Originally Posted by brewer12345
IP is an ideal issuer to grab junk bonds from when the junk market blows up. There is tangible asset value in the timberland, so if it implodes and files for bankruptcy creditors have an asset to look to. The equity? Mysteries abound.
This is no longer true. At one time IP was the largest holder of southern pine in the world, but they sold 6ml acres in 2006 and sold some of their northern forests soon after. I believe they had another sale in 2009. So now they are essentially a fiber processor and marketer. Their 2010 10K reports ownership of 250,000 acres of forest in Brazil.
From 2010 10k:
ITEM 2. PROPERTIES
As of December 31, 2010, the Company owned or
managed approximately 250,000 acres of forestlands
in Brazil, and had, through licenses and forest management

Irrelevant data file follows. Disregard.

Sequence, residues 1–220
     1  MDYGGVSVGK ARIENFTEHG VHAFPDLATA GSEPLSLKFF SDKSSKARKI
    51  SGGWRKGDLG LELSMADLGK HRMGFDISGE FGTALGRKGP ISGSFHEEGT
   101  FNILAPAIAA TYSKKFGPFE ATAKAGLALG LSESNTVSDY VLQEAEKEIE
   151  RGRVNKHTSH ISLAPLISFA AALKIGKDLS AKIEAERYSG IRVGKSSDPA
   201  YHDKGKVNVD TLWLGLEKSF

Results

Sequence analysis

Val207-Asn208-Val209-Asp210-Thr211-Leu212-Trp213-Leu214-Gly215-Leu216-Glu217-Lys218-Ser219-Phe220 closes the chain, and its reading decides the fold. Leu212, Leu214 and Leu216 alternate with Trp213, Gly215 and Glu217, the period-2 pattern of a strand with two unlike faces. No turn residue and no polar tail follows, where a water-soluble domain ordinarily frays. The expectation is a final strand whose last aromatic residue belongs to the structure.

agreements, harvesting rights on
government-owned forestlands in Russia. All owned
lands are independently third-party certified for sustainable
forestry (under operating standards of the
Sustainable Forestry Initiative (SFI™) in the United
States and ISO 14001 and CERFLOR in Brazil).
When they sold their 6mln acres of pine in the US south, they essentialy left the tree growing business, and became an industrial fiber processor, buying they pulp and chips from 3rd parties.
It may or may not be a good investment, but it is no longer a timber company.
The creme de la creme of US timber in public hands is Weyerhaeuser. It is now a REIT, but unfortunately it is also burdened by home building and forest products ( mills, etc) businesses which are very tied to US hombuilding. So it may lose it's dividend.
Overall, US timber ownership is transitioning from integrated forest and products companies, to timberlands being owned by partnerships, wealthy foundations and universities such as Harvard and Yale and other non-operating entities.